If the parts industry won’t create unique part numbers for lead-free parts, how about adopting standards for green labeling? The National Electronics Distribution Association (NEDA) is pushing for parts suppliers to adopt standard messages on labels that indicate a component is lead free. “There are several label standards, one from JEDEC (http://www.jedec.org/) and one from IPC (http://www.ipc.org/), and those standards address putting a lead-free label on your part,” says Barney Martin, VP of industrial practices at NEDA.
Martin notes that the labels are not only important as parts move through the supply chain, but they’re also important for those in manufacturing who have to alter production to accommodate differences in the material finishes on the components. “This is an operational issue for people on the plant floor,” says Martin. “The label will give the plant folks lots of good information about the composition of the part.”NEDA has been pushing hard for suppliers to adopt unique part numbering for lead-free components. The association released a position paper last year on the conversion to RoHS compliant components on behalf of its distributor members (http://www.nedassoc.org/leadfree.pdf). The central point of the paper was a call for suppliers to adopt unique part numbers for lead-free components. The group believes the absence of unique part numbers will cause supply chain difficulties.Yet NEDA executives concede that not all suppliers will issue unique part numbers. “We believe there ought to be a part number change, but some folks are not making that change, so the next issue is labeling,” says Martin. “People are already delivering their parts RoHS-compliant and they’re using all manners of labeling to communicate they’re lead-free. We want the industry to standardize on labeling.”Martin notes that other RoHS issues came up during the association’s one-day conference on the subject. The meeting was held in Chicago last June. “There are problems with the way companies communicate that their parts are lead free,” says Martin. To help alleviate the chaos that comes as each supplier communicates its lead-free status in its own manner, NEDA has produced a spreadsheet suppliers can use to standardize their communication to their customers. It’s available for download at no charge: http://www.nedassoc.org/NEDA%20RoHS.xlsMartin also notes there is continuing confusion over the manner in which suppliers deliver information on the material content of their components. “The industry still needs to address the issue of chemical content reporting,” says Martin. “Suppliers are giving that information in different formats.” He notes that iNEMI has issued a standard on the communication of chemical content that may become the industry standard.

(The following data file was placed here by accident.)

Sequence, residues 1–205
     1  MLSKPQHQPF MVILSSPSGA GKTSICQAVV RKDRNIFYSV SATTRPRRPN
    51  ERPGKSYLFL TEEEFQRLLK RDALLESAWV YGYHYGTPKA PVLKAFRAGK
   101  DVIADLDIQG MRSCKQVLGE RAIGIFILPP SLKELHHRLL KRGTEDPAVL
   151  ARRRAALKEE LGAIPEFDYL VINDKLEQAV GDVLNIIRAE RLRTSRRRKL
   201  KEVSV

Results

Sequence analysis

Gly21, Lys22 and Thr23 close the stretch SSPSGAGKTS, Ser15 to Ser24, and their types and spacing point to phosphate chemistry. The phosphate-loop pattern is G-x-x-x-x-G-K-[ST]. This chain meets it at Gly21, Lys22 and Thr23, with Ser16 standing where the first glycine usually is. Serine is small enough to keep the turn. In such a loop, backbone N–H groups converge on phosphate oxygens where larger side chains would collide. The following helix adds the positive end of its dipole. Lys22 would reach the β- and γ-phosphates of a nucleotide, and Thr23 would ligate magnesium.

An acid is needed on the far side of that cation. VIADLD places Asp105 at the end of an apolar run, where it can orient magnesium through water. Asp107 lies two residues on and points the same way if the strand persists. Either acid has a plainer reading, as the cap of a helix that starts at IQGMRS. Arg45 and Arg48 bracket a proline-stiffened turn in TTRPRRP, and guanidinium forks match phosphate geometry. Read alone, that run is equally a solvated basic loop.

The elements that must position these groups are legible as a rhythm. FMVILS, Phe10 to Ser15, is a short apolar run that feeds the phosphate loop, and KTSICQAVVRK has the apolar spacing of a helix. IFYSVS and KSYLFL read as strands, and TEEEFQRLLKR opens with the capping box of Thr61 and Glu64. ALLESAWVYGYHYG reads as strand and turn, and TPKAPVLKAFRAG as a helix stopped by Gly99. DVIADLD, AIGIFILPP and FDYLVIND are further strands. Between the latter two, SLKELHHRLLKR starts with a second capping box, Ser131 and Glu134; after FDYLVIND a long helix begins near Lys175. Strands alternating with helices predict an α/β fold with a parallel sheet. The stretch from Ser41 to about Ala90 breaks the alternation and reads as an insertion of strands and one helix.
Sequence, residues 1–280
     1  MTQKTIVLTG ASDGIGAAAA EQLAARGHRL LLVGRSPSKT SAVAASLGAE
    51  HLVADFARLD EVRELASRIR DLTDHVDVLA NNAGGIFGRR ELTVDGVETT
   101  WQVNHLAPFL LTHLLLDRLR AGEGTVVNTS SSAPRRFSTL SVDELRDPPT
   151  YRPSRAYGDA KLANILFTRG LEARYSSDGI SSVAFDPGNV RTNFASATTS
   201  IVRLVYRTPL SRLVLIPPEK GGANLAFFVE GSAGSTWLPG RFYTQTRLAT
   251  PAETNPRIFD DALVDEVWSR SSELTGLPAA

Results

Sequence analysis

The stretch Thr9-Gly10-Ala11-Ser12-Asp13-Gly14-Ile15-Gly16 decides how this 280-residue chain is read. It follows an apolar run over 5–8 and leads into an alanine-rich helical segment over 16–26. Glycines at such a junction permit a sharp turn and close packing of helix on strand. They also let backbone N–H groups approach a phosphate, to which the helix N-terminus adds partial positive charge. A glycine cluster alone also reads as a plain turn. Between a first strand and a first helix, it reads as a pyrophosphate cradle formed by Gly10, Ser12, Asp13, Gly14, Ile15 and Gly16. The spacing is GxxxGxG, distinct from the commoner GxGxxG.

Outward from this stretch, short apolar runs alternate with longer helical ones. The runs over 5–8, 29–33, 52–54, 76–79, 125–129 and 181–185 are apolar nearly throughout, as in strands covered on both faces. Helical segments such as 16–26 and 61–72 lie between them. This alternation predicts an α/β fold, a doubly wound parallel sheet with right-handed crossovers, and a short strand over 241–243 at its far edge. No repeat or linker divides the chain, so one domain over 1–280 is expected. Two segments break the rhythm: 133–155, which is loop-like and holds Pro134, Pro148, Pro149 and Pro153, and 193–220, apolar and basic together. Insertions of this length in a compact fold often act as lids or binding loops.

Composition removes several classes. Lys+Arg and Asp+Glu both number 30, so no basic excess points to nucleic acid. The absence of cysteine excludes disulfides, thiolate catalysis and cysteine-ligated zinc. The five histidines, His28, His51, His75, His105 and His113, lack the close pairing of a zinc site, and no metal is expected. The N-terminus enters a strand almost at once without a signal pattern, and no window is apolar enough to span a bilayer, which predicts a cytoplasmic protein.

For industrial control applications, or even a simple assembly line, that machine can go almost 24/7 without a break. But what happens when the task is a little more complex? That’s where the “smart” machine would come in. The smart machine is one that has some simple (or complex in some cases) processing capability to be able to adapt to changing conditions. Such machines are suited for a host of applications, including automotive, aerospace, defense, medical, computers and electronics, telecommunications, consumer goods, and so on. This discussion will examine what’s possible with smart machines, and what tradeoffs need to be made to implement such a solution.